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By Alexander Smith and Stella Kim

SEOUL, South Korea — South Korea fired warning shots at a North Korean drone after it crossed over their heavily militarized border Wednesday, according to officials in Seoul.

It was the latest in a series of tense exchanges between the rival neighbors since the North claimed to have tested a hydrogen bomb last week — an assertion treated with deep skepticism by the U.S. and others.

The drone flew dozens of yards south of the border before returning immediately following the warning shots, South Korea's Joint Chiefs of Staff spokesperson Jeon Ha-gyu told a news briefing.

The military fired around 20 machine gun rounds as a warning, the South's Yonhap news agency reported.

It is not the first time a North Korean drone has crossed the border. A primitive unnamed aircraft likened to a "model airplane" by experts crash landed in South Korea in 2014.

Jeon also said that North Korean propaganda leaflets had been found scattered over South Korea. The leaflets were likely floated over on balloons and described South Korean President Park Geun-hye and her government as "mad dogs," The Associated Press reported.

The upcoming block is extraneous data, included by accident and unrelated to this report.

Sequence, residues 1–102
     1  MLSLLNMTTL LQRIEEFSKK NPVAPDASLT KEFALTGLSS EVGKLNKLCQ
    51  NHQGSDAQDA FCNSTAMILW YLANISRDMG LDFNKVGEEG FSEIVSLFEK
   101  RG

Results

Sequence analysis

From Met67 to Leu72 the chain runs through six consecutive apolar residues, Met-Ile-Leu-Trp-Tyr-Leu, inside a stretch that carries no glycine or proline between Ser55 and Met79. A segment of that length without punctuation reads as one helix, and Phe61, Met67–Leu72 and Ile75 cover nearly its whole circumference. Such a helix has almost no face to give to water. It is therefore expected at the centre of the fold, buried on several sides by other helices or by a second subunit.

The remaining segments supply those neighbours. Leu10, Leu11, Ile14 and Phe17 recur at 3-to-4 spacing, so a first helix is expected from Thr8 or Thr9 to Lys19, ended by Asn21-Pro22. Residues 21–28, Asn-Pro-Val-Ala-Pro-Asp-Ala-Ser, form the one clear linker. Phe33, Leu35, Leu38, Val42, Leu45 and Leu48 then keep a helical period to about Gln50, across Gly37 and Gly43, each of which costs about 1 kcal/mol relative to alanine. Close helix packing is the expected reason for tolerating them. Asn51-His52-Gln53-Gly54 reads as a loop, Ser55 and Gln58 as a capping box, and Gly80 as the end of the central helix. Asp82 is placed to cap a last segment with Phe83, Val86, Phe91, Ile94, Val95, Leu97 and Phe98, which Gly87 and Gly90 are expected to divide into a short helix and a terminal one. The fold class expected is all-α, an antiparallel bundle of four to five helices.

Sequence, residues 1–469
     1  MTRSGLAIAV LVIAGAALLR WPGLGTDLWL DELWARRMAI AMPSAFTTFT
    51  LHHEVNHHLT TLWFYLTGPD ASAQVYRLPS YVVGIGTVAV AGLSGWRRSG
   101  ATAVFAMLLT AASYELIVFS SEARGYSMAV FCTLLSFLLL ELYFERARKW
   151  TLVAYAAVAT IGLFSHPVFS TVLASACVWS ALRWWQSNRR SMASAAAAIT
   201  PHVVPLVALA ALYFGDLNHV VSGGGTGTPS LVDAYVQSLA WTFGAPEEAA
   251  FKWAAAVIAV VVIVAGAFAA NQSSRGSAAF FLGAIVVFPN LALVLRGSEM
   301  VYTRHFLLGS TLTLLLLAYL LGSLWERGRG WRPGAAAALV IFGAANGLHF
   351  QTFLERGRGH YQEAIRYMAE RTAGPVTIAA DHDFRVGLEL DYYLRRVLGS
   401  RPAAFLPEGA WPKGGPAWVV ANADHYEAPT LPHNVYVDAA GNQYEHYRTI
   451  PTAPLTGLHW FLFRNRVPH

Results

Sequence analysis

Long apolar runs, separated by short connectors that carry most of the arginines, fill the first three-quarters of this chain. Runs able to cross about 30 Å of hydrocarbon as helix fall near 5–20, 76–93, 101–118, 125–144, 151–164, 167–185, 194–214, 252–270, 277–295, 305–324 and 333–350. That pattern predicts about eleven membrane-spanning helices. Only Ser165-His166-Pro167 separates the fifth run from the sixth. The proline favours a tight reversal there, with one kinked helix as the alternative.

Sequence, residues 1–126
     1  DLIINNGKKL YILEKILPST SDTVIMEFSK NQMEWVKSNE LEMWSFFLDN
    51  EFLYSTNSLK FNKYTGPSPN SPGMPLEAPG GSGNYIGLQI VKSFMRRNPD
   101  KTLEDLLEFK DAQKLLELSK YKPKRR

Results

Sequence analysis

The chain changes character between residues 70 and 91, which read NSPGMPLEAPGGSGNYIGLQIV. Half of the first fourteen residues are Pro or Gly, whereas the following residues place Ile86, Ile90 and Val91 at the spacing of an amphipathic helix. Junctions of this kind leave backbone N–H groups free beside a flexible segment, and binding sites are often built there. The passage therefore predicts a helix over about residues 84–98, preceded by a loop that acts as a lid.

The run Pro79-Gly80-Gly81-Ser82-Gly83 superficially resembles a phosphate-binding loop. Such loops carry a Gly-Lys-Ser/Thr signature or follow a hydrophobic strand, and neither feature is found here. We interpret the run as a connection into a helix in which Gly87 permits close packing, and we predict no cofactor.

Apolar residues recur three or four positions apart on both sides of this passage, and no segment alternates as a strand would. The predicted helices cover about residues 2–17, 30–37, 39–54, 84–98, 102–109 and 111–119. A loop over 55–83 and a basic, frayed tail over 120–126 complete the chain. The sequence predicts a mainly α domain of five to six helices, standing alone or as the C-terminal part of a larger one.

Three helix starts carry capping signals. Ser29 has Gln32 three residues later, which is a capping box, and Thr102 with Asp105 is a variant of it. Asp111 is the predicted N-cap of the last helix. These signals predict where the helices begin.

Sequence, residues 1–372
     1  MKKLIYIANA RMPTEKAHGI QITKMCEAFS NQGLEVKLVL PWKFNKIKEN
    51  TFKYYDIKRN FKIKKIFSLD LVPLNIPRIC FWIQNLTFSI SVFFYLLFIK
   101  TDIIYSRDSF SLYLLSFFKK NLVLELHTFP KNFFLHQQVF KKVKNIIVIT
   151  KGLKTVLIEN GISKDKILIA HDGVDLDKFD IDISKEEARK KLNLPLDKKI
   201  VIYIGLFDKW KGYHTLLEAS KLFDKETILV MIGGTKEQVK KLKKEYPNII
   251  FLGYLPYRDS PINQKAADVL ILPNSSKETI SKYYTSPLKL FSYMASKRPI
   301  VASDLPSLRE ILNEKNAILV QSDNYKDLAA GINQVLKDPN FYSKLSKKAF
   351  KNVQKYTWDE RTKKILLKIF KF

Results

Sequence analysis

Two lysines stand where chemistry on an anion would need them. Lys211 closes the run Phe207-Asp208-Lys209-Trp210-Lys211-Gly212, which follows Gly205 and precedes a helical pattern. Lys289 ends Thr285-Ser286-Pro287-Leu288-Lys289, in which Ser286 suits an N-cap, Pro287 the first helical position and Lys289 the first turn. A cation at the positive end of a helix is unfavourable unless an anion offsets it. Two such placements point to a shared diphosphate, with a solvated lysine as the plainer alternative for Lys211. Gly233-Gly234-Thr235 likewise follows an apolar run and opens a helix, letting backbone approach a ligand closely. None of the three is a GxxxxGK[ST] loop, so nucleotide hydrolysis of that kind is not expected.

Related: 5 Things to Know About N. Korea's Nuclear Proclamation

The contretemps came as the U.S. House of Representatives overwhelmingly passed a bill Tuesday that would place tougher sanctions on North Korea following its claimed H-bomb test.

The bill would require the president to sanction anyone engaging with North Korea on weapons of mass destruction, arms, luxury goods, money laundering, counterfeiting and human rights abuses, plus those engaging in financial transactions to support North Korea.

South Korean President Park warned on Wednesday that the U.S. and its allies were working on inflicting "bone-numbing pain" on North Korea, according to Reuters.

Park also urged China, which is North Korea's most important ally, to rein in its pariah neighbor.

The Koreas are technically still at war after an armistice ended the Korean War in 1953.

The Associated Press and Reuters contributed.